From Multi-Housing News on Texas. “Austin’s multifamily market shifted down a gear in 2017, due to 2016’s strong wave of supply. As a result, rents contracted. Continued construction pushed the occupancy rate to 94.6 percent as of September, down 70 basis points in 12 months. This figure is likely to keep falling in the short term, while the metro absorbs the new stock.”

“Transaction activity continued to decelerate in the second half of 2017, with $961 million in apartments trading in the first 10 months of the year, half of last 2016’s volume. Nearly 3,700 units were delivered this year through October, a third of last year’s new stock, but almost 17,000 units were still under construction as of October.”

Northern Nevada Business Weekly. “Reno ranked 8th in the nation for apartment concession-related deals, according to Zumper. In cities across the country, the rapid new apartment construction boom of the past five years has begun to create a housing glut. Landlords, faced with higher vacancy rates, are now looking to attract new tenants any way they can – many times through flexible lease terms, offers of free rent, and other concessions.”

“Listings and buildings offering deals such as free rent, reduced security deposits, gift cards, Netflix/cable subscriptions, and even Uber credit were considered. That was weighed next to the total percentage of ‘concession listings’ relative to the total amount of inventory in each city. Reno had a percentage of 3.08 of concession-related deals. By comparison, Winston-Salem, N.C. topped the list at 6.81 percent.”

From Inforum on North Dakota. “There is an epidemic in Fargo, especially in south Fargo, called ‘apartments.’ A lot of people I talk to agree we have too many. There are very few city blocks in the the south Fargo area that don’t have an apartment on them, and I bet that there is a plethora of vacancies. The last I checked, the vacancy rate was at 11 percent, but if you drive around town it appears that it is considerably higher. Well, it would make perfect sense that when a census of the developers is taken asking about vacancy rate that they are lying just to be able to build more empty buildings.”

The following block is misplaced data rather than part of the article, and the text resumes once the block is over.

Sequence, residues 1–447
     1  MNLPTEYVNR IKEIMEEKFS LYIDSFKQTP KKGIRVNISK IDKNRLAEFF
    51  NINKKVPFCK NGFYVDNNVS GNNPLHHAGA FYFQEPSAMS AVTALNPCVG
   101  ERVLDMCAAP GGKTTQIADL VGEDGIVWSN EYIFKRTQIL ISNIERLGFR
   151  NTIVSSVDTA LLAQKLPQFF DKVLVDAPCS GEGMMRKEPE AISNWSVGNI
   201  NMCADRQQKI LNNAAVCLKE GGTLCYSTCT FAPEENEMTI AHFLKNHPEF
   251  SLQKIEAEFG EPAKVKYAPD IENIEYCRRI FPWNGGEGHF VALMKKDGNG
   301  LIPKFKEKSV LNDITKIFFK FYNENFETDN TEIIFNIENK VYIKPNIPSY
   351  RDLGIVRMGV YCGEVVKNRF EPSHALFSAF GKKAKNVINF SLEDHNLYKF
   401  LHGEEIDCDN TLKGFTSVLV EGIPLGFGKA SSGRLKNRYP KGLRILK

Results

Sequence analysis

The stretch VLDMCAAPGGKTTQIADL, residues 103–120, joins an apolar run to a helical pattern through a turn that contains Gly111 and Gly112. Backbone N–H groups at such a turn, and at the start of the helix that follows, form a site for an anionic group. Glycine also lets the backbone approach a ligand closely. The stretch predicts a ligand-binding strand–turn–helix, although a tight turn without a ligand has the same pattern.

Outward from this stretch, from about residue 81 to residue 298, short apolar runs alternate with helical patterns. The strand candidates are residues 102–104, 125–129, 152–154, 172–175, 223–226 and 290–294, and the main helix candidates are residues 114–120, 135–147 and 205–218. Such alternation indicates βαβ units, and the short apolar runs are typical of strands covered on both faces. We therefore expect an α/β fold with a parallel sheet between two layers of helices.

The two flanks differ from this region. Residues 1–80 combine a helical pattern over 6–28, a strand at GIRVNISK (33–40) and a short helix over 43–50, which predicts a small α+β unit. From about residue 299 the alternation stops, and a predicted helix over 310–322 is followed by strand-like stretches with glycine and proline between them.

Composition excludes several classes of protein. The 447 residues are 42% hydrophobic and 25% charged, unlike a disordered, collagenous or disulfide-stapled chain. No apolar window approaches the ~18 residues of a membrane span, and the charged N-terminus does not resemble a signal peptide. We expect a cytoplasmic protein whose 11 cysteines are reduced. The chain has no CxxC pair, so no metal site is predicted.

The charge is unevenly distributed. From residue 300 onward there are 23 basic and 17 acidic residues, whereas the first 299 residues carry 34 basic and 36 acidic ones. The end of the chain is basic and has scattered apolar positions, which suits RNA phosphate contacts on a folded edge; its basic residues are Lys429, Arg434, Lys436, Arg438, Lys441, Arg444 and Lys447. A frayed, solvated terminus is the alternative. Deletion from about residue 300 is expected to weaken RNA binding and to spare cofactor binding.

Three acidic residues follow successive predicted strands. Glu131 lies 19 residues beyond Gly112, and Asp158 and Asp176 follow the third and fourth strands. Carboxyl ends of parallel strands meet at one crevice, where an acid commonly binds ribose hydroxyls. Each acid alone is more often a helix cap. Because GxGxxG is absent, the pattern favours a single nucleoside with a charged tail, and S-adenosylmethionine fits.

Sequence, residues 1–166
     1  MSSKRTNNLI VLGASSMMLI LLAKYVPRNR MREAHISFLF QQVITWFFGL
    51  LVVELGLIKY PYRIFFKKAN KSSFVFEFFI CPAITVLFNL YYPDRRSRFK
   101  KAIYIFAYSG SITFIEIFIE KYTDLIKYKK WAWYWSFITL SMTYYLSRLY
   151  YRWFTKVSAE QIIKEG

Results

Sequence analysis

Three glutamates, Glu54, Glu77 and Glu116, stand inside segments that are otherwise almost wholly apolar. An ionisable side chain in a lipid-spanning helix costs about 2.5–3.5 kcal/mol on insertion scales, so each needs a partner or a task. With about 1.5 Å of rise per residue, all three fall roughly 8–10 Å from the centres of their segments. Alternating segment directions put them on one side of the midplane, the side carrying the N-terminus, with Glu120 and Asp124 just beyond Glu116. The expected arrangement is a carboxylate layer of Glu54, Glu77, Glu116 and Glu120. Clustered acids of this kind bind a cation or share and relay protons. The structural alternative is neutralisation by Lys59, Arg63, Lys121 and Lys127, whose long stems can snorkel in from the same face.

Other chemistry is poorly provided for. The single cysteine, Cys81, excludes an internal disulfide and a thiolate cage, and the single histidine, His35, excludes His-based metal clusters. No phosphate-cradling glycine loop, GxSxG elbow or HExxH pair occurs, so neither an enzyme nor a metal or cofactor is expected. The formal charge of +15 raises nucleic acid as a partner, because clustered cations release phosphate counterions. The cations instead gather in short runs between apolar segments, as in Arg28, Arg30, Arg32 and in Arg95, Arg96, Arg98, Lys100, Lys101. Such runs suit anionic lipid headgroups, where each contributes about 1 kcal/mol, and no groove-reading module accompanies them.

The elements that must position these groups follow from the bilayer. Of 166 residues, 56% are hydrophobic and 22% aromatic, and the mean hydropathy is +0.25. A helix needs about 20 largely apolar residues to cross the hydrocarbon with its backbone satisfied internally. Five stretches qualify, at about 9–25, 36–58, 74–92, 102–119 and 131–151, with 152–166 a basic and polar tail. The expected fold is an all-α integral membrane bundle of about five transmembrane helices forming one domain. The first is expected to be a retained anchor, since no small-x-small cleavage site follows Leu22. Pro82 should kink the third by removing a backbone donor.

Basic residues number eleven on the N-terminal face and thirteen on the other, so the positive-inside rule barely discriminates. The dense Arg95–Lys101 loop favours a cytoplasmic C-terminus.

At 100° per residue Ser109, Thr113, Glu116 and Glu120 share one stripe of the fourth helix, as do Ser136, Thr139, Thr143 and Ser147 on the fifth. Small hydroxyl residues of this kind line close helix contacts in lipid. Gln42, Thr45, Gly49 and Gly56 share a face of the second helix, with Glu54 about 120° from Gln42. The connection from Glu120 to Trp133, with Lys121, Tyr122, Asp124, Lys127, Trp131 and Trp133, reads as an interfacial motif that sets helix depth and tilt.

“In addition, they are also granting these ridiculous tax breaks to developers to redevelop areas.”

From Bisnow on Illinois. “Last year was one for the record books in Chicago multifamily real estate. Apartment sales downtown and in the suburbs set records for volume. This year, downtown multifamily struggled with new inventory resulting in flat rent growth, declining lease retention rates and developers of newer assets struggling to find buyers. KIG managing partner Todd Stofflet said the plateauing of downtown multifamily is related to the flood of new deliveries this year. KIG estimates over 2,800 downtown apartments brought to market in 2017 have not been able to go under contract.”

“KIG Senior Director Jason Stevens said institutional money is chasing opportunities near highly rated schools, lifestyle centers and grocers. Foxford Communities Managing Director John McFarland said Foxford Station was originally intended to be a 52-unit apartment project during the entitlement process, but the company decided to build larger condos after seeing the flood of new apartments being built.”